At press conference, Armacost answers questions about repatriation
Tribal representatives express support for UND’s outreach and approach
At a press conference on Wednesday, Aug. 31, UND President Andrew Armacost apologized for the discovery on campus of sacred objects from Indigenous communities that require repatriation to the tribal nations from which they came. Armacost said the University is committed to respectfully carrying out the repatriation process through to its conclusion.
Included among the discovered objects are human remains, referred to as ancestors in the tradition of tribal nations. The collection of artifacts and ancestors is still being identified, but more than 200 boxes of items were discovered on campus.
“Our intent of sharing this news today is to apologize to tribal nations across North America, to avoid speculation about what’s been happening on campus and to offer our public commitment to those tribal nations, and to the entire nation, that we are going to return the ancestors and the artifacts to their homes,” Armacost said.
Tribal representatives who participated in the conference said they appreciated the inclusive way UND is approaching the process of repatriation. Upon discovery of the ancestors and sacred objects, UND contacted tribal chairs to ask for their participation in identifying the ancestors and sacred objects.
Douglas Yankton, chair of the Spirit Lake Tribe in Fort Totten, N.D., said he understands Indigenous students may feel angry about the discovery, but called for repatriation to be handled “the best way we can” while providing support for those who may be hurting. Yankton said he was grateful that tribal nations were quickly contacted to take part in repatriation.
“I was glad that the president brought it immediately to the tribal chairs’ attention and traveled all the way to Bismarck, as matter of fact,” he said.
South Dakota State Rep. Tamara St. John, R-Sisseton, said she understands that students’ first reaction to the discovery of ancestors may be shock, but an opportunity exists to educate students instead of leaving them with feelings of anger and devastation.
A member of the Sisseton Wahpeton Oyate of the Lake Traverse Reservation, St. John is the archivist for the Sisseton Wahpeton tribal nation in South Dakota and has experience in dealing with repatriation. She commended Armacost for quickly involving tribal nations.
“I want to be clear that the tribes have protocols and procedures for all of these things, and those are taking place,” St. John told UND Today after the press conference. “It was really nice to hear within the president’s words statements on behalf of the tribes reflected. That’s really important. I commend the university for that.”
Dianne Desrosiers, also a tribal official with the Sisseton Wahpeton Oyate, said it was at the request of tribal nations that UND delayed speaking publicly about repatriation until the press conference. Repatriation, she said, is a very sensitive issue, and the tribes requested confidentiality until they had time to discuss the situation and plan how to proceed.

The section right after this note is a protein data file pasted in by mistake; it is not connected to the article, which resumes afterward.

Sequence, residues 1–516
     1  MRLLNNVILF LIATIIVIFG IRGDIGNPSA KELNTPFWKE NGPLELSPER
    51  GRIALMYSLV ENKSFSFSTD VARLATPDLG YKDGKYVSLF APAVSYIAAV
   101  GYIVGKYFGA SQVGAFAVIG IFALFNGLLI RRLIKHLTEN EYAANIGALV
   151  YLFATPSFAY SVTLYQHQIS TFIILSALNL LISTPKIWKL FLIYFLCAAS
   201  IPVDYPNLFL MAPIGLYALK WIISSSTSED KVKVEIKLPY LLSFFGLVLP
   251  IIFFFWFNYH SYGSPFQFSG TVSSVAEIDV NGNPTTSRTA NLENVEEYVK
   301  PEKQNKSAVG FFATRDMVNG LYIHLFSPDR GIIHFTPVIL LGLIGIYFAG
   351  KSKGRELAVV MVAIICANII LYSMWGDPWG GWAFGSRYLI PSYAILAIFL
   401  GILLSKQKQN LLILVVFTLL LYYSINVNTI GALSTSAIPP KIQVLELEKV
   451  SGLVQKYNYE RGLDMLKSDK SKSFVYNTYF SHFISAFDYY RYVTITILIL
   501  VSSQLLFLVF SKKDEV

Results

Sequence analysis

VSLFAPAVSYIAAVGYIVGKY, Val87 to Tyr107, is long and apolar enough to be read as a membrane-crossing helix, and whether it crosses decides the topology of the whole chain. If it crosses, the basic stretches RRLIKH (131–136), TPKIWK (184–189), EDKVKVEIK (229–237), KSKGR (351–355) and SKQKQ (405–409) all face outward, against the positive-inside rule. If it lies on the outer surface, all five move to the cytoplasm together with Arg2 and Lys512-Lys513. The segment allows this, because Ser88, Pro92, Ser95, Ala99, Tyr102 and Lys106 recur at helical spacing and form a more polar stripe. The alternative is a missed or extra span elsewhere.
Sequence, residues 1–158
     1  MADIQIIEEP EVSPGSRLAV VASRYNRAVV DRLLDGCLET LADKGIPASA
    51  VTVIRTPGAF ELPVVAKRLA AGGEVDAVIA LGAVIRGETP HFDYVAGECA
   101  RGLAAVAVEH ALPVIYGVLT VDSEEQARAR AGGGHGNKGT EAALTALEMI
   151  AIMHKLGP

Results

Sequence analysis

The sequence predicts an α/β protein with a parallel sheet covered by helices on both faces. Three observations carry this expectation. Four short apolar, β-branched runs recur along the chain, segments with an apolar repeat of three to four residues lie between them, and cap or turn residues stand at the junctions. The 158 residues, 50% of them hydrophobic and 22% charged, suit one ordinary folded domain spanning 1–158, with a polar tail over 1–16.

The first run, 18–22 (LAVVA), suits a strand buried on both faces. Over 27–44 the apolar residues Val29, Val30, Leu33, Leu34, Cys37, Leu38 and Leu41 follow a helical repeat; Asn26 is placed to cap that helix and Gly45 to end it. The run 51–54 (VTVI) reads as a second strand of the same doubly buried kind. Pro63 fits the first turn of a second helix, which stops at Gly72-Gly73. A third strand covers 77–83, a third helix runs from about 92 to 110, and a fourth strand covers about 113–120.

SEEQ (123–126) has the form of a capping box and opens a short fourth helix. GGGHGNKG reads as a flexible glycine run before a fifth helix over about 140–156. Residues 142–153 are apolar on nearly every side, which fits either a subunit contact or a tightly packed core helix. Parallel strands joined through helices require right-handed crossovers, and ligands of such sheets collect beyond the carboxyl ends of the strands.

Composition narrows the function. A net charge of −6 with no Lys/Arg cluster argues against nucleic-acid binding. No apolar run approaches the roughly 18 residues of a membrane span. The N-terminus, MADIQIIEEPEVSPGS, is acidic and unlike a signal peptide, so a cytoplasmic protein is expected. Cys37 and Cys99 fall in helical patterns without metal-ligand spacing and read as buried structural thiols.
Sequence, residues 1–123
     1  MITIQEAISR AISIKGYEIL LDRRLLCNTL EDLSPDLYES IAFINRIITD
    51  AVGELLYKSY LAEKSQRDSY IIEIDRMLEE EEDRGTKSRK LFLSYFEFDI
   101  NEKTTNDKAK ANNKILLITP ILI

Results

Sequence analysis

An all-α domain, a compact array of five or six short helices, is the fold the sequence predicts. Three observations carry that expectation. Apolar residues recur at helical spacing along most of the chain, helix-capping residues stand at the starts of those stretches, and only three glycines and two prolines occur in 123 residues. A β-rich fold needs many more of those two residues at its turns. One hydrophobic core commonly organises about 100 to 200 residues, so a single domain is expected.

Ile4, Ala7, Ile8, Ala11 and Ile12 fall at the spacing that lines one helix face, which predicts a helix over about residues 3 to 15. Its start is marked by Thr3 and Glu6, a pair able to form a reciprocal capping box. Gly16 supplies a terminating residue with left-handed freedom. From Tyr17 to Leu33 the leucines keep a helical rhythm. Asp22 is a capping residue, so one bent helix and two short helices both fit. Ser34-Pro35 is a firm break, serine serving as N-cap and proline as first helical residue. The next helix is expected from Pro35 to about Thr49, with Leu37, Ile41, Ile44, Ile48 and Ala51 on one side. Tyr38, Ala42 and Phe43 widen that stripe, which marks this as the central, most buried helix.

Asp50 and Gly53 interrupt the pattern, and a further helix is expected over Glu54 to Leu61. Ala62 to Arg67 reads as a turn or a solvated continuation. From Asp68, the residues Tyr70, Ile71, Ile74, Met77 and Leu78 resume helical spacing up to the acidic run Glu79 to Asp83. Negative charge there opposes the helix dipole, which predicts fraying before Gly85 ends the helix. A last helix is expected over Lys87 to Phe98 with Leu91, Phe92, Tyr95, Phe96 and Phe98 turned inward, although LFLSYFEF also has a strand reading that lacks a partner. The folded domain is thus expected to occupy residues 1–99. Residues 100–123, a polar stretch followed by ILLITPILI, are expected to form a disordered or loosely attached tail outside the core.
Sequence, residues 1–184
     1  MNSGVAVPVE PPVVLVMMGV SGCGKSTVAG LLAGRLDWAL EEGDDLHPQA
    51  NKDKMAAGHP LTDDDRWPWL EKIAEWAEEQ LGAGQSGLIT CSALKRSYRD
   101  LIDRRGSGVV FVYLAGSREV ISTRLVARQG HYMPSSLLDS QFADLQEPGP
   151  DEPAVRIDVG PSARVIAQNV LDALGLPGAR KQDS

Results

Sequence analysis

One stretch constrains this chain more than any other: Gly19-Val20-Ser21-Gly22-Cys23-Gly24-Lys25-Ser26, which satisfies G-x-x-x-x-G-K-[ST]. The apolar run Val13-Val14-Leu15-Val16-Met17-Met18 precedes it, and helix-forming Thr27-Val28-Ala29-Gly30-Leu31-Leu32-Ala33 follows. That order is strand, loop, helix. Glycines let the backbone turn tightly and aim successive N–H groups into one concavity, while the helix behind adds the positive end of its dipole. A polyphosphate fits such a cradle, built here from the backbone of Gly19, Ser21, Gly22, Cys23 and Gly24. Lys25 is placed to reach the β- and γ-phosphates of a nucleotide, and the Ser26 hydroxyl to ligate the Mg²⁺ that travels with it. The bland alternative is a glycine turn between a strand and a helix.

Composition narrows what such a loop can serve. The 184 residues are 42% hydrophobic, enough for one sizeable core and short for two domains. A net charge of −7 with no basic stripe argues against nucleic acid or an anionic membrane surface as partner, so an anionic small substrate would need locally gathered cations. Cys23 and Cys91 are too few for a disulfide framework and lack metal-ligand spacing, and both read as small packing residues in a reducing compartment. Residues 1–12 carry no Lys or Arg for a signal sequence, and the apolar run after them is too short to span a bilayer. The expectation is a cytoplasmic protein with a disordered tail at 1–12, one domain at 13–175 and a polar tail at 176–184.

“We did ask that it be kept confidential for as long as possible, and I appreciate and thank the university for honoring that for as long as we could,” Desrosiers said.
Joining Armacost at the press conference on Wednesday were Nathan Davis (Turtle Mountain Band of Chippewa), executive director of the North Dakota Indian Affairs Commission; Doug McDonald (Oglala Lakota), UND professor of psychology and member of the UND Repatriation Committee, and Laine Lyons (Turtle Mountain Band of Chippewa), UND Alumni Association & Foundation and member of the UND Repatriation Committee.
Davis, like other Indigenous people participating on the press conference, said he also felt angry and hurt when he was told of the discovery of ancestors on the UND campus. Science, he said, can no longer be used as an excuse to prevent the repatriation of ancestors.
But Davis said Armacost understands the need to respectfully handle ancestors and sacred objects. He commended Armacost for ensuring the inclusion of the tribal nations. Moreover, the process at UND has the potential to act as a blueprint for other institutions during instances of repatriation, one that is sensitive to how Indigenous people honor their ancestors, he said.
“We have a very unique opportunity to honor them by changing the way that not only North Dakota but the United States itself approaches repatriation,” Davis said.
McDonald compared the situation at UND to a flood, calling it a slow-moving disaster. McDonald guided the mental health response at UND during the flood of 1997, which required the evacuation of the campus and surrounding city. He said a primary focus at the Repatriation Committee is guiding the mental-health response to the different kind of “flood” during the repatriation process.
Lyons was in the first group of people who searched for and found sacred items on campus. She wasn’t aware that ancestors were being kept in building on campus and was present at their first discovery. She described the hurt she felt and said members of the group felt betrayed.
Lyons was among those who, along with Armacost, began reaching out to tribal nations to inform them of the discovery. Though tribal representatives expressed their dismay, she noted they were also appreciative of being included, which, she said she was told, is not the norm surrounding repatriation.
“Being transparent, honest and respectful will continue to guide this university,” she said.